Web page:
by Pilirani Semu-Banda
- Malawi -
Veronica Yakobe has been living a nightmare for more than two decades. Twenty-three years ago, during a prolonged labor when giving birth to her fifth child, the unborn baby was pressed so tightly in her birth canal that blood flow was cut off and the surrounding tissues died. Then a hole or fistula broke through the vaginal walls between the bladder and rectum. Obstetric fistula is serious medical condition which usually occurs during home births or in poorly equipped local clinics when access to emergency obstetric care is not available. Unfortunately, that was the case for Veronica. She has been unable to control her bodily functions since, and leaks urine and feces uncontrollably. In a bitter irony, after all that struggle, her baby was still-born.
“I was forced to flee my own home. I settled on a plot adjacent to a cemetery on the outskirts of my village. I couldn’t stand the taunting from my own relatives and neighbors. Some were calling me a moving latrine,” says Yakobe. Despite her horrific medical condition, she has since given birth to three more children.
In this country where 40 percent of the adult population is illiterate, this middle-aged woman does not know how old she is.
What Yakobe does know is that in the last 23 years since the fistula developed, she has been to three government-run hospitals in the country trying to have the fistula repaired, but has been unable to find a competent surgeon.Then through a special initiative, a UN organization, the United Nations Population Fund (UNFPA), began providing financial and technical support to some hospitals in Malawi to offer fistula repair. Finally, in June, Yakobe found salvation from the tortures the fistula caused.
Dr. Mark Linden of Nkhoma Hospital, a mission medical center under the Church of Central Africa Presbyterian, restored Yakobe’s dignity through an operation. He was able to repair the damage that obstetric fistula had caused her.
“Some women have a combination of both these fistulas,” explains Linden. “They are leaking urine and/or stools continuously.” He worries, “They are often rejected by their spouses and community,”
Linden confirmed that obstetric fistula occurs due to prolonged pressure of the child’s head against a part of soft tissue between the mother’s pelvis. The soft tissue becomes necrotic (dies) from the lack of blood supply and breaks down.
The doctor says that obstetric fistula is preventable. So long as a laboring woman is monitored and transported to a suitable facility in the event of a problem, virtually nobody should have to suffer from it.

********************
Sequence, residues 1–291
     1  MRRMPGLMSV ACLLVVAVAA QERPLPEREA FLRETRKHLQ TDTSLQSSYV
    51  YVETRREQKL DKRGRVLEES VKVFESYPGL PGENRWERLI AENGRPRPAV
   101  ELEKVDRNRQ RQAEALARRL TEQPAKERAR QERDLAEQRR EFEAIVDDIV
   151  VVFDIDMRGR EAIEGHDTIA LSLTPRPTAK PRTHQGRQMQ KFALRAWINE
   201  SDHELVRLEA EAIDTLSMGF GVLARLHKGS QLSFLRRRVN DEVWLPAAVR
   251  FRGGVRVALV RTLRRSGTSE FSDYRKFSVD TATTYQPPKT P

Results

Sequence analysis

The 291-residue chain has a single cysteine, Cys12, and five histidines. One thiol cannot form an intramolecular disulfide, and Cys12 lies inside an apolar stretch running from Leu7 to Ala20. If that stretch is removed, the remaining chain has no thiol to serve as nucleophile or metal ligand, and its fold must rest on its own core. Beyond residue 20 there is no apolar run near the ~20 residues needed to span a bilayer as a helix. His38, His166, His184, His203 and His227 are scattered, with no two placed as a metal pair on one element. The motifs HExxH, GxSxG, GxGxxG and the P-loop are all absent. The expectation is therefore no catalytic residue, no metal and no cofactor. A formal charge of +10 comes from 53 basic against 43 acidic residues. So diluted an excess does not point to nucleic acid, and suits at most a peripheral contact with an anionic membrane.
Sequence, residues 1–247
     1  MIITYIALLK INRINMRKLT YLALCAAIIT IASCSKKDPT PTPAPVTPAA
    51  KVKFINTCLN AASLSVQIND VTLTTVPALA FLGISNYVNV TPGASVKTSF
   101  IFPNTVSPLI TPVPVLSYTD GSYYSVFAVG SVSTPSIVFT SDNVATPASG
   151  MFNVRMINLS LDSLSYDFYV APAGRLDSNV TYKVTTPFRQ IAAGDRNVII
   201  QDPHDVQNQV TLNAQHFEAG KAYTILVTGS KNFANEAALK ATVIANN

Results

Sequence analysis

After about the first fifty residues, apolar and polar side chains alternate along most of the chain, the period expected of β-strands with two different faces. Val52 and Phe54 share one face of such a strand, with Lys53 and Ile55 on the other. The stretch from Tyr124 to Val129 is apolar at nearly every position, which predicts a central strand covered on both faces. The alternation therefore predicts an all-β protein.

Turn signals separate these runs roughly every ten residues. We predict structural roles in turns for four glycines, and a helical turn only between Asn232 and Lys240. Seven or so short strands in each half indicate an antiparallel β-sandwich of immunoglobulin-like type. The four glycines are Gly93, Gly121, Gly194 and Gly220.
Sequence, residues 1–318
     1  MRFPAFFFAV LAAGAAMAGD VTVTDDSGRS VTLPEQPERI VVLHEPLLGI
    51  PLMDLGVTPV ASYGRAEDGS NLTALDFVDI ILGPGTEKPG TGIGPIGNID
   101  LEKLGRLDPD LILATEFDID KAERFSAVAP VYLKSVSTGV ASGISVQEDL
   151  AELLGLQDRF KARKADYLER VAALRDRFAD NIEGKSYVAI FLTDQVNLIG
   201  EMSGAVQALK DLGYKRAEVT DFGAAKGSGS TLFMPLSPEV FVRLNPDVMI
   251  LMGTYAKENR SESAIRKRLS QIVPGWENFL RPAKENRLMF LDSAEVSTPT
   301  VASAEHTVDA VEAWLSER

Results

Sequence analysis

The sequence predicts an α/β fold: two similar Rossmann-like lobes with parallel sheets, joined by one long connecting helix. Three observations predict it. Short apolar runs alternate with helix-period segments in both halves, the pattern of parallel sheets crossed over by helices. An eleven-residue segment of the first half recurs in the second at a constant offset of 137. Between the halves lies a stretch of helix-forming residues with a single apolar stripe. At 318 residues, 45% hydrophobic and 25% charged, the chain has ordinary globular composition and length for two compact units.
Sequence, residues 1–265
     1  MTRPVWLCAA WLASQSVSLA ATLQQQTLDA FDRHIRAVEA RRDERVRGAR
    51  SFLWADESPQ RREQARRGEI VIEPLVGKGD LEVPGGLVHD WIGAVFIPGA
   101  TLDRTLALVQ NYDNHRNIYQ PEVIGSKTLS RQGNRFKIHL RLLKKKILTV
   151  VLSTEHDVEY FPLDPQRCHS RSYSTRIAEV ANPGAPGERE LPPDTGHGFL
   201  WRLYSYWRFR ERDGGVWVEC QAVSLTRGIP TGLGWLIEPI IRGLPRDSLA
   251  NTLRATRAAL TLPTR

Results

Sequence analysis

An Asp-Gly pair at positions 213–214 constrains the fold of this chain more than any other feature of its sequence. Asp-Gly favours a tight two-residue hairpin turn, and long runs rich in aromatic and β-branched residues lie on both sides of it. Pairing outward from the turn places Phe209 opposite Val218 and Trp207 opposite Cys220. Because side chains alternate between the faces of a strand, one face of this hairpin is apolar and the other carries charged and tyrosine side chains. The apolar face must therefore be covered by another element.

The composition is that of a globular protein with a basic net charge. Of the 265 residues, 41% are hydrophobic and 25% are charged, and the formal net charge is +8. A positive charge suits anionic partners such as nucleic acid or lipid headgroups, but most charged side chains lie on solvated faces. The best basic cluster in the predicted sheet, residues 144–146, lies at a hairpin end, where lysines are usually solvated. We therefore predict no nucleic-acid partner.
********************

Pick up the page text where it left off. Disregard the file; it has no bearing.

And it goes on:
“Obstetric fistula is a serious problem in Malawi and repairs are only done in four referral hospitals: in Mzuzu, Blantyre, Lilongwe and Nkhoma,” says Linden. It is not known how many obstetric fistula cases there are, since no major survey has been carried out to assess its prevalence.
Fistula repairs started at Nkhoma in 2001. According to Linden, once they got UNFPA funding, they also began to get private donations and funding from the UK Department for International Development (DFID) which has enabled them to offer the treatment free of charge. He says the funds cover the patient’s hospital stay, food, and surgery as well as transport home.
Despite all the efforts by doctors like Linden, there is still some bad news: not all patients with obstetric fistula are successfully repaired. In 2001, Nkhoma hospital carried out repairs on 16 patients and 31 percent of those were not cured. Between 2002 and 2006, the hospital has recorded an average of 20 percent unsuccessful repairs.
In Malawi, where up to 65 percent of its 13.6 million people live below the poverty line, there was no means of transportation for 32-year-old Jostino Frank when she went into labor.Frank lives in a village in Dedza, Central Malawi. The nearest hospital is a two hour walk from her home. Her mother-in-law assured her that she would help with a home delivery, but she could not handle the delivery when it became complicated.
“After struggling with labor pains for close to 12 hours, my mother-in-law eventually took me to a traditional birth attendant, but I had already miscarried by the time I delivered,” says Frank. This was Frank’s fifth pregnancy. She gave birth to her first child when she was 18.
Following her ordeal, Frank could no longer control her bladder; the government hospital closest to her home had no medical solution for her problem.